12 Days without posting? Only 1 post so far this month of December? Ugh don’t look at me, I’m ashamed!
Anyway, I’m finally back from Japan! If you hadn’t already known (why would you), I visited Japan for the first time! I’ve been spending the past 7 days or so in Tokyo, as the title has it. The week long trip was all sorts of amazing, but at the same time, very very exhausting. So I chose to put aside my desire to write and simply bathed in the experience. Now that I’m home, I can finally calmly put my thoughts into words, at least I hope.
In a nutshell
I like formats. Or rather, I try to be systematic (not when it comes to my messy table though). Usually I would’ve started with Day 1, then Day 2 all the way through to Day 7 before I conclude with a nutshell recap, but looking back I really didn’t do all that much. So I thought perhaps a quick rundown would be better off.
As I said earlier, my 7 days in Tokyo had been a wonder, but had also drained all my energy. There’s a few reasons why.
Free & Easy
Unlike tour groups, my trip had been almost entirely free and easy, and so a lot more planning had been required. For the longest of times, I’d only ever gone on trips that were guided by tour groups, and so this one had been a new challenge.
Shopping for goods is a must in any trip, and even more so when you’re in the land that birthed the objects behind your passion.
Naturally, I would want to shop to my heart’s extent.
I ended up buying figurines from my favourite anime, calendars of Kirito and Asuna, light novels that I wouldn’t be able to read (for now), Japan “exclusive” Pokemon plushies and so on. Finding these places and buying these things were so much fun. It was exciting to even just be window shopping, so putting these items into my bag felt a lot more thrilling. I’ve finally started my journey as a collector.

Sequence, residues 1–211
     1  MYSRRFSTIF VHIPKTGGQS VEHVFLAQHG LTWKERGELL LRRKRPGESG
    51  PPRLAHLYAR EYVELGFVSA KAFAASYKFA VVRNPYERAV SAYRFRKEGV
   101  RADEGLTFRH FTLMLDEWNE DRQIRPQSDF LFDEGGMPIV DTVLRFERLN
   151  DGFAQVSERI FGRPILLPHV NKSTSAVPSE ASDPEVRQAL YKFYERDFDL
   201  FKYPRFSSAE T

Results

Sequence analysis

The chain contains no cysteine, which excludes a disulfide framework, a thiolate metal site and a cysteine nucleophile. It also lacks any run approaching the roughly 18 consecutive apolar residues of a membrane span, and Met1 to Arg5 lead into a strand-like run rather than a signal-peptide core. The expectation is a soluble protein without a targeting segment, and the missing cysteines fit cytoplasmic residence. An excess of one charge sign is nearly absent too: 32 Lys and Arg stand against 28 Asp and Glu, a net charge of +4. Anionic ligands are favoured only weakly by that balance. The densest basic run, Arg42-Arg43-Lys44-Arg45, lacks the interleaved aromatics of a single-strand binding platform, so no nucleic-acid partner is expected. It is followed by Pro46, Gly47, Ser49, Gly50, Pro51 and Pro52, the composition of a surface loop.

Realistically however, shopping in a foreign place isn’t just about buying. There’s a lot more variables that could make shopping really tedious. Take for instance, communicating in Japanese, and even navigating through the lands.
Prices were also a major factor in influencing my spending. I couldn’t go around buying everything I see, even when they’re something I really like. I’d have to make sure I wouldn’t be buying it for much more than it could cost. As a result, I travelled a lot and had to navigate around more just to buy something, and it was definitely a mental chore.
The best part of this trip for me had definitely been the first-hand immersive experience of the place.
The majesty of the towering Mt Fuji that could be seen from virtually every corner of Honshu.
Lakes that were glimmering from the light of the sun in the beautiful blue sky.
Rivers that seemed magical and would silently bewitch you with the quiet sounds of its stream.
Forests that were made of glowing autumn tree leaves and beautifully symmetrical husks.
Being able to breathe in the chilly cold air wafting elegantly around would’ve been good enough for me. There’s just something about the elusive beauty of nature that’s so powerfully charming, and Japan had all of these.
Travelling in Japan is expensive.
Taxi fares don’t come cheap, while the Shinkansen (Japanese Bullet Train) would cost hundreds. Perhaps only the subways had costs that would resemble the public transport where I live.
So yeah, we chose to walk, so walk we did, the whole day, for 7 days straight. Whether it be with hefty luggage, or heavy backpacks, and even carrying a child (which was the hardest part), we would choose to walk the long distances to get to places. Maybe it’s just that I don’t move around much, but 85km of walking with “weights” isn’t a distance I would even cover in a month, let alone a week.